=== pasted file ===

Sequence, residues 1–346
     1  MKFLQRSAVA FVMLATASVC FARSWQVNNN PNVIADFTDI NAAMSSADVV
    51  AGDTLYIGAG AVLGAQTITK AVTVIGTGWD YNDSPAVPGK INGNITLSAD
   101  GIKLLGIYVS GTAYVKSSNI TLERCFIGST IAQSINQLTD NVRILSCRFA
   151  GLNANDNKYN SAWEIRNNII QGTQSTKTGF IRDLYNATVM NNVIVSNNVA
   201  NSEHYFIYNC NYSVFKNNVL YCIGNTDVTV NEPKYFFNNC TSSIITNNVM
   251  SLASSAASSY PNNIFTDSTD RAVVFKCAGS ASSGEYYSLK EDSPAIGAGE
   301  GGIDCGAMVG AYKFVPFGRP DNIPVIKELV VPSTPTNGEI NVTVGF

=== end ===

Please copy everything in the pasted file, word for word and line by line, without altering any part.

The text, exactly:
Sequence, residues 1–346
     1  MKFLQRSAVA FVMLATASVC FARSWQVNNN PNVIADFTDI NAAMSSADVV
    51  AGDTLYIGAG AVLGAQTITK AVTVIGTGWD YNDSPAVPGK INGNITLSAD
   101  GIKLLGIYVS GTAYVKSSNI TLERCFIGST IAQSINQLTD NVRILSCRFA
   151  GLNANDNKYN SAWEIRNNII QGTQSTKTGF IRDLYNATVM NNVIVSNNVA
   201  NSEHYFIYNC NYSVFKNNVL YCIGNTDVTV NEPKYFFNNC TSSIITNNVM
   251  SLASSAASSY PNNIFTDSTD RAVVFKCAGS ASSGEYYSLK EDSPAIGAGE
   301  GGIDCGAMVG AYKFVPFGRP DNIPVIKELV VPSTPTNGEI NVTVGF